compiled by Penny Gold (History)
August, 1995

One of the difficult transitions from graduate school to a first job is the switch from a primary focus on research to a primary focus on teaching. There's a big change in the amount of time and energy available for research. And there's a corresponding change in the focus of casual conversation with colleagues, which is more likely to be, "What sources do you use to teach about 'X'?" or "What strategies do you use for getting reticent students to speak in class?" than "Can you help me figure out this problem in my research?" The relative silence sometimes makes one feel that maybe other people aren't getting any research done, at least not in the school year. But that's not true, as one learns from the annual publication lists, if not from direct conversations. Over the years I've garnered much wisdom from colleagues, both here and elsewhere, about how to keep one's research agenda going during the year, and recently I put out a query to Knox faculty asking for more tips. I've put these together so as to share the wealth, and to encourage conversation. If you have further suggestions, please let me know, and I'll add them to a revised document.


I try to combine high expectations with realism and forgiveness. For example, while I might aspire to continue my research throughout the whole year, I'm satisfied if I get something done in two terms out of the three. I look ahead to figure out which will be the busiest term, and let myself off for that period. Another example: If I've set aside 1:30-5:00 on a certain day for research, and I just can't get home until 3:00, I still go, and do what I can in the time that remains. Mike Schneider comments: "For someone who usually works through big bursts of activity alternating with periods of reflection and recovery (and I suspect there are many who operated this way in grad. school), I realize now I need to mesh that approach with the rhythms of the college calendar. We need to be more satisfied with modest (but still perceptible) gains when the calendar does not allow huge blocks of time."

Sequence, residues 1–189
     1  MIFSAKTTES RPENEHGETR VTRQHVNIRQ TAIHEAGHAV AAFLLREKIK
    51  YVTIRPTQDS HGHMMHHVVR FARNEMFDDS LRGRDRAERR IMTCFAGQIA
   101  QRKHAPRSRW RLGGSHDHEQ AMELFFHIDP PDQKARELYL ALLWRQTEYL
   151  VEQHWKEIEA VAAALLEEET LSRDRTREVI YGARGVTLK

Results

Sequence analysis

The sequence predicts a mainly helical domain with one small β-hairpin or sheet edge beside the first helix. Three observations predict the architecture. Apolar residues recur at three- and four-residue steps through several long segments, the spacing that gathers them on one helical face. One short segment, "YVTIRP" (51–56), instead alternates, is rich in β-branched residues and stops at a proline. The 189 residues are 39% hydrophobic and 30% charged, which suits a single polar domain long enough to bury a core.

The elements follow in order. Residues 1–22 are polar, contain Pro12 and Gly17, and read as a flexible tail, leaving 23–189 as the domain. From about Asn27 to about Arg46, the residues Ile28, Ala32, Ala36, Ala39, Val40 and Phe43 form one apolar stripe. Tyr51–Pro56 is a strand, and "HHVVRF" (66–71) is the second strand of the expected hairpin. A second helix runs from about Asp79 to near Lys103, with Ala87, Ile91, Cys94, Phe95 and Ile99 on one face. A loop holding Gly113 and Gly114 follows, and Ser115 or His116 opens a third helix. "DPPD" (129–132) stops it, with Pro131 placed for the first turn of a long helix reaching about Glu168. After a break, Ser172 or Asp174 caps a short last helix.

The most important strategy for me has been the setting aside of blocks of time during a couple of weekdays (about 3-4 hours long) that are designated research time. If one waits to do research until there's "free time," it never happens! Some years I've taught a morning schedule and gone home two afternoons a week. Other years I've taught afternoons, and stayed home a couple of mornings. In times of real urgency, I've squeezed out three blocks a week for a while. A key thing is to make the time sacred. If a meeting is being arranged, the research time should be as "unfree" as any other previously arranged appointment. (This is hard to stick to sometimes, but it's important to try.)


One thing I've always liked about our calendar (versus the quarter system I was on elsewhere) is the long break in December. I try to consider it like a "mini-summer," time to work full-steam on research for a few weeks. As opposed to spring break, which seems hopeless, and hence this wish from Mary Armon: "How about a longer spring break to help us keep or regain momentum on projects?"


Another key thing for me has been to find a place to do research that is separate from other school work (which otherwise calls out to me to get done) and where I am less readily disturbed. I work in a study at home. A spot in the library would also work. For artists, a separate studio. If there were no other place to do research than my office at school, I would forward all my phone calls and not answer knocks on the door. Mark Brodl suggests another strategy for managing student contact when working at the office: "I find it hard to work at my desk, but yet I don't want to close the door (unKnox-like and my office gets too warm). The problem is that students come in and park themselves and chatter on. Once they get themselves in the chair they're immobile objects. I stand as soon as they walk in. I, then, retain the power to decide whether they should sit or not."